UPDATE, 12:09 p.m. Oct. 16: The Recreation and Parks Department has confirmed that, effective immediately, no adult permits will be issued for use of the soccer field at Mission Playground, though youth league permits will still be available until 7:00 p.m. every day.
Rec and Park general manager Phil Ginsburg said he would make the soccer field at Mission Playground unavailable for reservations, according to Oscar Grande, the vice president of political affairs for the Latino Democratic Club.
Grande’s announcement on Wednesday night was enough for a victory celebration among those attending the club’s meeting at 518 Valencia Street. Ginsburg could not be reached for comment and Grande’s assertion could not be independently confirmed.
The alleged victory came after a video recorded Dropbox employees clashing with a youth team at the Mission Playground’s soccer field. The Dropbox team had purchased a permit to play on the field for $27 an hour and the youth team had been accustomed to playing under a free rotation system that allowed everyone a chance on the field.
The standoff – it ended peacefully – was recorded by one of the youth team’s members and came after weeks of frustration about being asked to leave the field.
One of the youths who refused to leave the field told Wednesday night’s meeting that he had been kicked in the back by one of the permitted players after the two groups decided to each take a half of the field. The man allegedly said he had intended to kick a soccer ball next to the youth, but missed.
Those attending the meeting expressed outrage and after several members of the club encouraged him to do so, the youth said he is now considering pressing charges. Either way, he intends to continue to be part of the protests against the park policy.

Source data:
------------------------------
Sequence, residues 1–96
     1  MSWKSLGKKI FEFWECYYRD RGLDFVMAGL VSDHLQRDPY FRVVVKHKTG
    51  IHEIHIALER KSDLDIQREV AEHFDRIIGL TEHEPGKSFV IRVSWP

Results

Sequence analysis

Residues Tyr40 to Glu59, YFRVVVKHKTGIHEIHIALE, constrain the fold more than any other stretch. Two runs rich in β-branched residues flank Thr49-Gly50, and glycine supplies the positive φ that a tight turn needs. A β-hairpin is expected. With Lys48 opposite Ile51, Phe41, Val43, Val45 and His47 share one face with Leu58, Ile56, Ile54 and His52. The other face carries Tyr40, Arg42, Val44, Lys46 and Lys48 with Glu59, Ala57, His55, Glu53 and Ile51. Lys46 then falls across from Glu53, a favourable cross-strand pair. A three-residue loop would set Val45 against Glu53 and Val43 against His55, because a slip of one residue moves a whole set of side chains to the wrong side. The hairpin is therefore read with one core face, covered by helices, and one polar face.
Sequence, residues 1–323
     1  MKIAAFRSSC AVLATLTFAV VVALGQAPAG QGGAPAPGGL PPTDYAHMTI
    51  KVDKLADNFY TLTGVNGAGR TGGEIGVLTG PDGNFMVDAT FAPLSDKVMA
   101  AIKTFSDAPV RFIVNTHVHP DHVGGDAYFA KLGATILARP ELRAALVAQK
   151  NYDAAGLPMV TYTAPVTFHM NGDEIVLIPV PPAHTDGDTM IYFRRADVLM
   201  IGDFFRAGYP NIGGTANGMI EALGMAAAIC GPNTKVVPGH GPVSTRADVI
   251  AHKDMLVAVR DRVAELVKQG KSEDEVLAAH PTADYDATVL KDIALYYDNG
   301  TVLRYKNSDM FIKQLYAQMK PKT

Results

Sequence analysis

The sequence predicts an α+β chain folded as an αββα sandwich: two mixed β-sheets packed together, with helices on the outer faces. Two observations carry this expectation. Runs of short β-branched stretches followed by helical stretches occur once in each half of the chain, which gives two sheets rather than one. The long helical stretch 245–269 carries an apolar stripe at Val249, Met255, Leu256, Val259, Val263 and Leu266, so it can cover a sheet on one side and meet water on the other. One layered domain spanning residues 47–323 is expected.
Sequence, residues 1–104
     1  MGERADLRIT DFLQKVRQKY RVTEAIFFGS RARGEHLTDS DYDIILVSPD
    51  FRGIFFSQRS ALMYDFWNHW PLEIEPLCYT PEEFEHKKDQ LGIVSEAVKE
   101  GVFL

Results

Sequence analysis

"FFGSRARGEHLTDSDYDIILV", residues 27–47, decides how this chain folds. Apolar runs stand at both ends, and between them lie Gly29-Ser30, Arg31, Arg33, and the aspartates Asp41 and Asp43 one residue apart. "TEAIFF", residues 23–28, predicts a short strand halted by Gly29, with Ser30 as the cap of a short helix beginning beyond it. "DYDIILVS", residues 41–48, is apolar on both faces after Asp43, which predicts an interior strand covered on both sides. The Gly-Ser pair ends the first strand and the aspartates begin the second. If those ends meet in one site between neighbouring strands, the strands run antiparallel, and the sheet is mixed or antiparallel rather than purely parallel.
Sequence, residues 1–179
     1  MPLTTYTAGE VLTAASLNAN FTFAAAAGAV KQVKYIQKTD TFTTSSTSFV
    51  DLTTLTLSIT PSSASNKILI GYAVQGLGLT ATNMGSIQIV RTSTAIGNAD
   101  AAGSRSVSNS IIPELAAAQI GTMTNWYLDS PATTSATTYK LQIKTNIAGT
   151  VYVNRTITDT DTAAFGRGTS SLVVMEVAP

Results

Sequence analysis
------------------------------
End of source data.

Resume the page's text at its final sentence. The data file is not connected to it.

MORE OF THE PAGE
“I’m not going down without a fight,” he said.
Grande, Edwin Lindo, vice president of external affairs for the Latino Democratic Club and others at Wednesday’s meeting said the viral video that sparked the controversy served to draw attention to an ongoing clash between locals who feel they are being ousted by newcomers who are able to pay for resources that used to be free.
“Tomorrow is systemic,” Lindo said in reference to Thursday’s planned protest at City Hall.
The protest will focus on the citywide reservation policy, make an explicit call for ending permitting at Mission Playground, which Lindo again confirmed this morning that Ginsburg had made. He added, however, that the other demands had not been agreed on.
Those include the following, which were issued in a press release:
– Create Park & Rec community council based on city districts that determine the programming and staffing regarding parks in the district. This council must implement a community process that will allow for community feedback. Rec & Park Dept. shall not interfere with the final decision of the councils; they can however, provide guidance of capacity and rules.
– Better park patrol response to parks and recreation centers to address safety Concerns. There are large concerns of unsafe playing conditions both on the field pertaining to maintenance and off the field pertaining to public safety.
– Ensure equity among neighborhood parks. Disclosure of financial investments made in each park and recreation center throughout the city.
– Identify each violation of the San Francisco Language Access Ordinance and within 6 months, ensure that San Francisco Rec & Park Dept. is no longer in violation.
– A follow up meeting with the youth and the community regarding the above.
Dropbox, implicit in the controversy because several members of the permitted team depicted in the video were wearing Dropbox T-shirts, issued an apology along with one of its employees. The youths, addressing the Latino Democratic club, said that wasn’t enough.
“I want an apology to my face,” said one.
From the community, the youth said, they just want support going forward with their activism: “Just help us lead.”